Lagenaria siceraria (Mol.) Standl., a viny species of the Cucurbitaceae family, is thought to be among the first domesticated plant species (Cutler and Whitaker, 1967). Its dry, mature fruit is used by people throughout the world for making jars, utensils, tubes, and musical instruments, is used as a vegetable, and is commonly known as the bottle gourd (Decker-Walters et al., 2001, 2004; Erickson et al., 2005). It is also known as the white-flowered gourd or calabash (Jeffrey, 1967). Bottle gourd is indigenous to Africa (Morimoto et al., 2006; Richardson, 1972); however, remains found in archeological digs point to the possibility that it reached temperate and tropical areas in Asia and the Americas over 10,000 years ago. The increased geographical distribution of the bottle gourd plant is likely due to human migration (Erickson et al., 2005), though dispersion of bottle gourd could have occurred through movement across oceans. Bottle gourd fruits are known to have the capacity to float on seas for many months without losing seed viability (Decker-Walters et al., 2004). The crop thrives in a wide range of soil types and is more tolerant of a high water table (Yetisir et al., 2006) and to salt than watermelon Citrullus lanatus (Thunb) Matsum and Nakai (Colla et al., 2005). In addition to the aforementioned comparative advantages of bottle gourd, research should be conducted focusing on the response of bottle gourd to herbicides that are registered in watermelon. This research would provide knowledge for making selections of bottle gourd rootstocks for grafting with watermelon.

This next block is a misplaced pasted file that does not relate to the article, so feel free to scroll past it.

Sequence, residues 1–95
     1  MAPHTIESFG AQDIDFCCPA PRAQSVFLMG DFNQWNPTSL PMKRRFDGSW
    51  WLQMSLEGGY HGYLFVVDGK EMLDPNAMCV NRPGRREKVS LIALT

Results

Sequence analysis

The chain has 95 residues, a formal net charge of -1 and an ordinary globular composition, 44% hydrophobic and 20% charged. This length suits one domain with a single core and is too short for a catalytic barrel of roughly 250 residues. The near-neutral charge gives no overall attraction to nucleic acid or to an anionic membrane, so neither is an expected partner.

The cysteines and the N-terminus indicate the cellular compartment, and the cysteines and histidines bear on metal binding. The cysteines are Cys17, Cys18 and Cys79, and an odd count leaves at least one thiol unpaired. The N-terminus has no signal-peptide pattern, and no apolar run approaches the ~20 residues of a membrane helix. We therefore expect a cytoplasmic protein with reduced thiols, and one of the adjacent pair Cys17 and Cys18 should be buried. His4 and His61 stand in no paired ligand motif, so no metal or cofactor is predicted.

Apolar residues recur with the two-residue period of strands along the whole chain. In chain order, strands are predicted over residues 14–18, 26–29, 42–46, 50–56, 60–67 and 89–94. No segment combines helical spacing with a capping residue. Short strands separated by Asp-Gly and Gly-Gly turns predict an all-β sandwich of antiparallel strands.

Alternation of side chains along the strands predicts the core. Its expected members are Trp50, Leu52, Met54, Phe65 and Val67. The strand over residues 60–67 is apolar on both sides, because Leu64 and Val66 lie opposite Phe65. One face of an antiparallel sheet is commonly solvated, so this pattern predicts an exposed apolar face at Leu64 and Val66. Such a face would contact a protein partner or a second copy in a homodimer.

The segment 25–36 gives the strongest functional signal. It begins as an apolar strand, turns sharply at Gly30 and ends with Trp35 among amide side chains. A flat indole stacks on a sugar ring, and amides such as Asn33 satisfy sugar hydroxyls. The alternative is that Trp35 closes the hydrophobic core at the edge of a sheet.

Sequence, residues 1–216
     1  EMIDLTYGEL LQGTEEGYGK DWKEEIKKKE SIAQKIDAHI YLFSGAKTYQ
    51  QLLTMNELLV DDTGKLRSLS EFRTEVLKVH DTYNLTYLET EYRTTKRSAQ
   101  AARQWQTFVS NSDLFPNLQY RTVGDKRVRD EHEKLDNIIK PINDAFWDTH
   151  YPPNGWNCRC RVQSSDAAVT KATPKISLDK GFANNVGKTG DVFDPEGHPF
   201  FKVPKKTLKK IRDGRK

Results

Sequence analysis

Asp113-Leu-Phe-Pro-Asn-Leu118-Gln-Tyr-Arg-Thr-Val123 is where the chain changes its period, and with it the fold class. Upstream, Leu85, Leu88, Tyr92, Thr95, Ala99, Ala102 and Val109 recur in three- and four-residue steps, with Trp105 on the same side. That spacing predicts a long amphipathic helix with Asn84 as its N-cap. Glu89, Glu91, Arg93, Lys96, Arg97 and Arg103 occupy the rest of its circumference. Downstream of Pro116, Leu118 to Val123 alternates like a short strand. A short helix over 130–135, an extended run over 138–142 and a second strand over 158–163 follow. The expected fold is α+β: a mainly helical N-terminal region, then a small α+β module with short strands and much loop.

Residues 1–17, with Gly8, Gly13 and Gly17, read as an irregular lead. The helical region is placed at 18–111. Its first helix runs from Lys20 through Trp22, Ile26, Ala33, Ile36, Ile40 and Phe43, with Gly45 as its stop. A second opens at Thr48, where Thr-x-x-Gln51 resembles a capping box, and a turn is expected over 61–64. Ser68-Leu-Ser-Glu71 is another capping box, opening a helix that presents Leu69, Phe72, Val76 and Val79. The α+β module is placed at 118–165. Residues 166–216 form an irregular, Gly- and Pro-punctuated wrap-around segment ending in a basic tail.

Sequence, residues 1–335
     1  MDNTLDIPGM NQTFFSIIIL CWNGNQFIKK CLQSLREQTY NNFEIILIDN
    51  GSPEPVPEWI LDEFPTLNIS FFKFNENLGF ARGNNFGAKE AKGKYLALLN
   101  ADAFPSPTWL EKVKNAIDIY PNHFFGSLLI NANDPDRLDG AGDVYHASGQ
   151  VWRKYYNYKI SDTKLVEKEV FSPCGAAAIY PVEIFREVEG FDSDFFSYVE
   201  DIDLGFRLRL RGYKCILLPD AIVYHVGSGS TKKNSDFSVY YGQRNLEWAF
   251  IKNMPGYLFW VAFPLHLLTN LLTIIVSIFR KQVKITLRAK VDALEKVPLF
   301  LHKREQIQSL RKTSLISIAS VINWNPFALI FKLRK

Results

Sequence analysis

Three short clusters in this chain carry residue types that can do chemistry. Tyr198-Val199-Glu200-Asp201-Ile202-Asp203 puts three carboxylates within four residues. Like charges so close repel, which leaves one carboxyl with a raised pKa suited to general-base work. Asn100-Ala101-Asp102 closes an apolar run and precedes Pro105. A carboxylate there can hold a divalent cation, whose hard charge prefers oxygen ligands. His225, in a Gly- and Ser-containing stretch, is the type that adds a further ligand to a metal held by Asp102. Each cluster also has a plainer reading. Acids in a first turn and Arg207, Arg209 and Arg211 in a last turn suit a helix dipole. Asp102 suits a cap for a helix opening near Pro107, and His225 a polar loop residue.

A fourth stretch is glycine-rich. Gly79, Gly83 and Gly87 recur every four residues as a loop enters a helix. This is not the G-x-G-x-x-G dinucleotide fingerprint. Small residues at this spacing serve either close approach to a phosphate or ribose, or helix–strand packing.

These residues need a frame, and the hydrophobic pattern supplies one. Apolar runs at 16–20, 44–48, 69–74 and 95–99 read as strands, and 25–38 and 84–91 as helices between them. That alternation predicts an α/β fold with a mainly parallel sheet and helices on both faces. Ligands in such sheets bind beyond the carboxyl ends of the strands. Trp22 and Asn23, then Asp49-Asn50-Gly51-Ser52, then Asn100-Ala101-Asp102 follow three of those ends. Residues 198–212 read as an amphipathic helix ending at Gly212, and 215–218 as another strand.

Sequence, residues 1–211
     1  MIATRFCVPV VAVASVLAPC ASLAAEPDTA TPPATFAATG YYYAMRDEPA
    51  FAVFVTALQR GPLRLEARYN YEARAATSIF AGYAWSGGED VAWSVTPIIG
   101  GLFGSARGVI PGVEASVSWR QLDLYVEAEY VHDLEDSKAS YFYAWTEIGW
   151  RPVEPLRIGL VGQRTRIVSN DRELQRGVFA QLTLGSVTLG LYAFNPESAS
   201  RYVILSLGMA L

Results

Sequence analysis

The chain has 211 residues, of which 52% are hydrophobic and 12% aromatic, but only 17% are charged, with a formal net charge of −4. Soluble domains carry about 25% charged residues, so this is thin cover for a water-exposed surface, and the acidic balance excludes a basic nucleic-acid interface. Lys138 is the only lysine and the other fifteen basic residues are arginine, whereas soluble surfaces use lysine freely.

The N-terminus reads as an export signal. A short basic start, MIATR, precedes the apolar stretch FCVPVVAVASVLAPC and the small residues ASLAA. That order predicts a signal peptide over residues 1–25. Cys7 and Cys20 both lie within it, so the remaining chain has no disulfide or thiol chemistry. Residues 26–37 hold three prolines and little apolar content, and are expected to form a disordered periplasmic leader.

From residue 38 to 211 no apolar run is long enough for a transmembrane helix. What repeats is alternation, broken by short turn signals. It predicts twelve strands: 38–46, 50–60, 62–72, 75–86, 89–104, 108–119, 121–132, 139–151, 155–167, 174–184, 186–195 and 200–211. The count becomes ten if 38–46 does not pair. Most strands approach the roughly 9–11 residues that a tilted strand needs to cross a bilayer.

More than 105 million tons of watermelon are produced annually on a global scale (Food and Agricultural Organization; http://faostat.fao). The herbicide clomazone (Anonymous, 2005) is widely used in cucurbit crop production in the United States. Clomazone controls many important annual weeds such as barnyardgrass [Echinochloa crus-galli (L.) Beauv], velvetleaf (Abutilon theophrasti Medicus), and cocklebur (Xanthium strumarium L). The recommended use rates for watermelon are 0.17–0.28 kg·ha−1 depending on the soil type. Clomazone can cause moderate injury to young plants that is expressed as chlorosis of leaves and growing tips (Grey et al., 2000). A study performed at the University of Florida demonstrated that preemergence (PRE) applications of clomazone at 0.28 kg·ha−1 to transplanted watermelon grafted to bottle gourd resulted in ≈8% injury (Adkins, 2011).